So I always (well almost always) have these five things on my person when travelling. They are not wilderness survival tools (that list would be entirely different) but they are my adventure travel items. I travel the world 365 days a year as a photographer, writer and occasional armchair philosopher. If you’re planning an encounter with Vampires, Werewolves or Zombies your list will be different but I might suggest such things as: silver bullets, wooden stakes, mirrors, garlic, crucifixes and a big-ass gun like a .357 magnum, .44 magnum or .50 caliber Desert Eagle (just saying).
- Rugged Watch. A rugged watch is a must in my opinion. Cellphones suck and are not watches (or clocks). A cellphone (I don’t own one) doesn’t even make my list. 99.99% of my subscribers will disagree with me. My watch is a Marathon Swiss Made GSAR (Government Search & Rescue). It’s a mechanical automatic (no batteries) with a Swiss Made ETA 2824-A2 automatic movement. ISO 6425 dive rated to 300 metres, stainless steel and comes with a rubber strap (other straps available including a stainless steel bracelet).
- Maxpedition Wallet. A good travel wallet should be small, lightweight and secure. It should be water and sweat resistant. Leather is not your friend when travelling. I spend time in hot & humid environments (jungles, rainforests and monsoon rains) photographing wildlife. A leather wallet will quickly get soaked and start to mildew, it’s not a pretty sight. This is a good time to mention that I prefer Mil-spec clothing and equipment. Military specifications insist on ruggedness, durability and value—it’s a good place to start.
- Passport Holder and Pocket Organiser. I wear Mil-spec cargo pants when I travel. Rugged, poly-cotton rip-stop with plenty of pockets. A good pocket organiser is a great way to protect your passport and other important documentation (like vaccination cards, medical prescriptions and extra passport photos). Like your wallet it should be made of tough, water-resistant, quick-drying polyester material (leather is not practical). I bought this one at REI but Maxpedition also has their own version I think.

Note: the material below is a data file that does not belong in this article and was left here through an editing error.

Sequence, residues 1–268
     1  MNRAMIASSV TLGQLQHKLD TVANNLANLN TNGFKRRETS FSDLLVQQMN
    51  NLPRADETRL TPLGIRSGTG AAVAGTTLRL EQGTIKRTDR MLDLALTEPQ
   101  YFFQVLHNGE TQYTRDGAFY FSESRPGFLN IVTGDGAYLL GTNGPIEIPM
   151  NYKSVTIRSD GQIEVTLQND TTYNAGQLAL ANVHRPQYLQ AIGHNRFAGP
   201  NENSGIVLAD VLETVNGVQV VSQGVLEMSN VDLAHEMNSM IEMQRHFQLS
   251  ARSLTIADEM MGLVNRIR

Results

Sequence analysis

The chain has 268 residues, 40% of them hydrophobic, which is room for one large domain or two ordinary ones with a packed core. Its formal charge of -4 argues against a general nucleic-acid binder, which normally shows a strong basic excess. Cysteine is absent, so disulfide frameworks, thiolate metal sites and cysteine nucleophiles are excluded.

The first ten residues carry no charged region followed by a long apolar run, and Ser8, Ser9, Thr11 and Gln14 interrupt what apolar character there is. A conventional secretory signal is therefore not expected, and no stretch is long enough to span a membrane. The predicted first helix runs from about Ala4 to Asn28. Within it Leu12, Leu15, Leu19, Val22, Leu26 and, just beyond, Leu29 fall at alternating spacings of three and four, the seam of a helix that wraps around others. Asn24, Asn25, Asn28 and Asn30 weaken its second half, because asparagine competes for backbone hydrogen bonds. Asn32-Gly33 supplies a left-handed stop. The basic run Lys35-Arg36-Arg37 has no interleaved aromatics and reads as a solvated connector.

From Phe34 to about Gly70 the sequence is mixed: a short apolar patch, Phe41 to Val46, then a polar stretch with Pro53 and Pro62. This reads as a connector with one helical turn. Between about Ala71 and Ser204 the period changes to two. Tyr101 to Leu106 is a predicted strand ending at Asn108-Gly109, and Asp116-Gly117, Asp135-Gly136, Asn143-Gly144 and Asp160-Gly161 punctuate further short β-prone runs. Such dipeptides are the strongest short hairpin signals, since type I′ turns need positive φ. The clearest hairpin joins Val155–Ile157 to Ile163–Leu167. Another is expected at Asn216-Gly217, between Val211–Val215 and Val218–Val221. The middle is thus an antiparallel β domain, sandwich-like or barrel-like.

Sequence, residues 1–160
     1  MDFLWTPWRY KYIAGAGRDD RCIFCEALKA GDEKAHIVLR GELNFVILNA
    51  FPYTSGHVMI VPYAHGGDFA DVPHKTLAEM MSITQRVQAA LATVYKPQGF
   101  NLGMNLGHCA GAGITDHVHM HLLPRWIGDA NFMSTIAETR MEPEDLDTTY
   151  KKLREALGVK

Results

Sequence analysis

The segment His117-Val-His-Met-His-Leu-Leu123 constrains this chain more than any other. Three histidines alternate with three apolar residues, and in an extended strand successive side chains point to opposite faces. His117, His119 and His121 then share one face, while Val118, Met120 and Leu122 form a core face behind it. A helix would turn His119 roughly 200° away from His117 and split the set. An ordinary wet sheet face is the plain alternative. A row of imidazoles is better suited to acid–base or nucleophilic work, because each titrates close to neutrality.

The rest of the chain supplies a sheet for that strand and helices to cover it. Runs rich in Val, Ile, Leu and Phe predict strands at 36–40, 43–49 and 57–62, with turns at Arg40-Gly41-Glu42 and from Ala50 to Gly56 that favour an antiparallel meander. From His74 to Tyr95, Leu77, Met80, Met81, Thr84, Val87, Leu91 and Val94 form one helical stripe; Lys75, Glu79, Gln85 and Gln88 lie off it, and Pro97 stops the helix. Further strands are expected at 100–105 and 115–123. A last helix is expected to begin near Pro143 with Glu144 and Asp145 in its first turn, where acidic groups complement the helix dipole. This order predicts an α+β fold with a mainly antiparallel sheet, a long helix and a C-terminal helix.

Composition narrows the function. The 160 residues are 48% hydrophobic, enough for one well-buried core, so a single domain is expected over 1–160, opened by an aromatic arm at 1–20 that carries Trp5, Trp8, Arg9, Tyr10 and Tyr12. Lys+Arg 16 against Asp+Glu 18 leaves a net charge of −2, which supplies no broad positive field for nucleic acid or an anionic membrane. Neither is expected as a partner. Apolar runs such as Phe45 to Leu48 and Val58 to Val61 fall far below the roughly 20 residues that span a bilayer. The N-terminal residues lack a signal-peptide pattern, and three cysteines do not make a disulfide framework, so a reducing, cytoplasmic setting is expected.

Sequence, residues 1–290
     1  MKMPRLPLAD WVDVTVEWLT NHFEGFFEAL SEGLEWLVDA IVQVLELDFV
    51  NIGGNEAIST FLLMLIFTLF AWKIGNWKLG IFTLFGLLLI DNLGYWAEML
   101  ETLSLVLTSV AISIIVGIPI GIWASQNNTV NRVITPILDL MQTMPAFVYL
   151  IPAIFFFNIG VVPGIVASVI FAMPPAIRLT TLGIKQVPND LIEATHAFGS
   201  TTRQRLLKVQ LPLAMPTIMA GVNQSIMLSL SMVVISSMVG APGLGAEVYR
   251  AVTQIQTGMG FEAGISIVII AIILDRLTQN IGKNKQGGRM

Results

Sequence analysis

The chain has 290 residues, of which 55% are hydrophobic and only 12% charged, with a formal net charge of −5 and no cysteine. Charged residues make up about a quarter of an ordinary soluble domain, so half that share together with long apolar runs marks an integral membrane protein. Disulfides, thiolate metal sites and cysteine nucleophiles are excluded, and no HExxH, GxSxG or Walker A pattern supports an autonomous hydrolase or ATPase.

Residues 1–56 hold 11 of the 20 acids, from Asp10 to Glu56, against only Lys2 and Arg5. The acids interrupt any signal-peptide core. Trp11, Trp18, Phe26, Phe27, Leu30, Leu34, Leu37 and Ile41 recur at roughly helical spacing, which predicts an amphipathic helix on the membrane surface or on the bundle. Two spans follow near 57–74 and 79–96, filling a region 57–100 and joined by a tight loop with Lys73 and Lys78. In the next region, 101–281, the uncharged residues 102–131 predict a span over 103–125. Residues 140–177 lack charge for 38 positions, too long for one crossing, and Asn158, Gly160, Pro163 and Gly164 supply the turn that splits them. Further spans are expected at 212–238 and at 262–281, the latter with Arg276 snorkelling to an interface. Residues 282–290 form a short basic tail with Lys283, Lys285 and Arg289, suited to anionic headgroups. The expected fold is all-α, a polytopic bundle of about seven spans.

- My personal Totem. Often referred to as a Talisman: An object, typically an inscribed ring or stone, that is thought to have magic powers and to bring good luck. I am not a particularly superstitious man but the three items I wear around my neck have special significance. My Burmese green jade Kwan Yin is the Buddhist bodhisattva of compassion, the small heart was given to me by a special lady friend in Yucatan, Mexico (she’s had it since she was 15 years old) and the amber pendant with an entombed prehistoric bee is 10-million years old. These talismans represent (to me) eternity, loving compassion and an open heart.
- Notebook. I always carry a small spiral-bound notebook (and pen or pencil) in my shirt pocket. It’s invaluable for jotting down quick notes and reminders (like place names, email addresses and the name and address of my hostel). Moleskine makes some beautiful little notebooks but they are hardbound (great for journaling but not for ripping out pages). When arriving in a new country it’s so easy to write town my hostel name and location (and phone number) and just hand it to the taxi or tuk-tuk driver.
I often carry other stuff in my pockets as well: sunglasses, Chapstick, daily medications, chewing gum or whatever. But these five things are always on my wrist, around my neck or in my pockets. What does the old commercial say: never leave home without it. If you’re staying in all-inclusive tourist accommodations or travelling first-class it’s probably no big deal but if you’re trekking roughshod like me with just a rucksack and Pelican photography case then look for rugged and tough gear. Mil-spec is a good starting point, if it’s good enough for the Special Ops guys, Army and Marines then it’s pretty dang tough.